Dig This: Biodegradation
People with soil allergies should probably avoid this one.
Project Time Frame
This project explores the process of biodegradation.
- To examine the ways in which different materials decompose underground.
- To encourage the development of new and improved biodegradable products.
Materials and Equipment
- Computer with internet access.
- Gardening Gloves
- Digital camera
- Magnifying glass
- Microscope (optional)
- Typical office/craft supplies (such as paper, pens & poster-board)
Biodegradation is the disintegration (chemical breakdown) of organic materials, due to prolonged exposure to earth’s natural elements. There are several different ways to measure this process. One of these ways is by simple observation.
- What does it mean to be biodegradable?
- How is biodegradation measured?
- What are the effects of nature on various materials buried in earth?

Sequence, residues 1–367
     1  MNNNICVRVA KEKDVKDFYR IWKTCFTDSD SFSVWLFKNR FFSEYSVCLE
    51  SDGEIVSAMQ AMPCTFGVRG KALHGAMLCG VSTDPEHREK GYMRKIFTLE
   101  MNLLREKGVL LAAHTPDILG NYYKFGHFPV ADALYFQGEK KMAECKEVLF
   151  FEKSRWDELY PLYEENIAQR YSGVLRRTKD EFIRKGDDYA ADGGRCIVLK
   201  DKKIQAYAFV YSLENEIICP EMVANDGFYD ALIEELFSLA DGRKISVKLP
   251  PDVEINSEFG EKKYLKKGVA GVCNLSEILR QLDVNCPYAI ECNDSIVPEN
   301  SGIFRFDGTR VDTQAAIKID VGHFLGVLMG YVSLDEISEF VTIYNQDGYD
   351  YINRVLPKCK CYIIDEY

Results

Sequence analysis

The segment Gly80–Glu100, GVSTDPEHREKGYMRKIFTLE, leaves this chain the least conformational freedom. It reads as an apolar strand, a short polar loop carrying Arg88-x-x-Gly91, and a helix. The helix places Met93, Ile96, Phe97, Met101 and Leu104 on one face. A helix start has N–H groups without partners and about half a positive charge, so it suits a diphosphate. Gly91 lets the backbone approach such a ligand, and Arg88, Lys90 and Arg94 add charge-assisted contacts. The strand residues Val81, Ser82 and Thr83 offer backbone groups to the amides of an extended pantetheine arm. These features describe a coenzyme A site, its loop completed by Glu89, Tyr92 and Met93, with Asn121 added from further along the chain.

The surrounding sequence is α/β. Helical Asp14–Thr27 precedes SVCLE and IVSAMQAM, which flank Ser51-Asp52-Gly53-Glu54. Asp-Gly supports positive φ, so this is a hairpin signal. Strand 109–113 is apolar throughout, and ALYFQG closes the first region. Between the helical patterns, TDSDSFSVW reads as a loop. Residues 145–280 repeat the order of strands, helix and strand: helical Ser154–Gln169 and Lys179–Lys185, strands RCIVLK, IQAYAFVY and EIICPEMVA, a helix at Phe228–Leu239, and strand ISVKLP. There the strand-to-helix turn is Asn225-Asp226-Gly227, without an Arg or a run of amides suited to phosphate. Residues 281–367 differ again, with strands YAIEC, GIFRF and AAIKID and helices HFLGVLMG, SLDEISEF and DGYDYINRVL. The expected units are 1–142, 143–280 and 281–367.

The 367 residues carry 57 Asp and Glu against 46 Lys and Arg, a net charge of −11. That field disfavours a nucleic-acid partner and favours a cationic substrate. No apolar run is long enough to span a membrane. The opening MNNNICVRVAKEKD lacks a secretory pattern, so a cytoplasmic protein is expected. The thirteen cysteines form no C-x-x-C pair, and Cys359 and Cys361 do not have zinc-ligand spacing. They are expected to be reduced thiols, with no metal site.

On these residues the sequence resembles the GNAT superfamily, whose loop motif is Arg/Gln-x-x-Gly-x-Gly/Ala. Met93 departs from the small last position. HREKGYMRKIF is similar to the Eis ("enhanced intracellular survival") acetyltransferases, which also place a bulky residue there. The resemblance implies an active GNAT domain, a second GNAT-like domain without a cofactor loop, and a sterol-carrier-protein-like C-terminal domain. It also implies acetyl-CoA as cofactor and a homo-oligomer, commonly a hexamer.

- How can we predict a material’s biodegradability?
Terms and Concepts to Start Background Research
- Read overviews of related concepts (see bibliography)
- Collect 10 or 20 small, unwanted items of different types. Foods, fabrics, plastics, leaves, packaging materials… Use your imagination when selecting these items.
- Photograph each item individually.
- Bury each item separately in the same type of soil, with at least six inches of dirt on top.
- Mark each spot with a sign describing what is buried there.
- Once a week, unearth each item, analyze it, photograph it, and rebury it.
- Continue doing this every week for 5-8 weeks.
- Interpret results in a detailed report.
- Show results visually using photos taken throughout the course of the experiment.
- Include the remains of each item in your science fair display.
Wiki article: “Biodegradable”
Warning is hereby given that not all Project Ideas are appropriate for all individuals or in all circumstances. Implementation of any Science Project Idea should be undertaken only in appropriate settings and with appropriate parental or other supervision. Reading and following the safety precautions of all materials used in a project is the sole responsibility of each individual. For further information, consult your state’s handbook of Science Safety.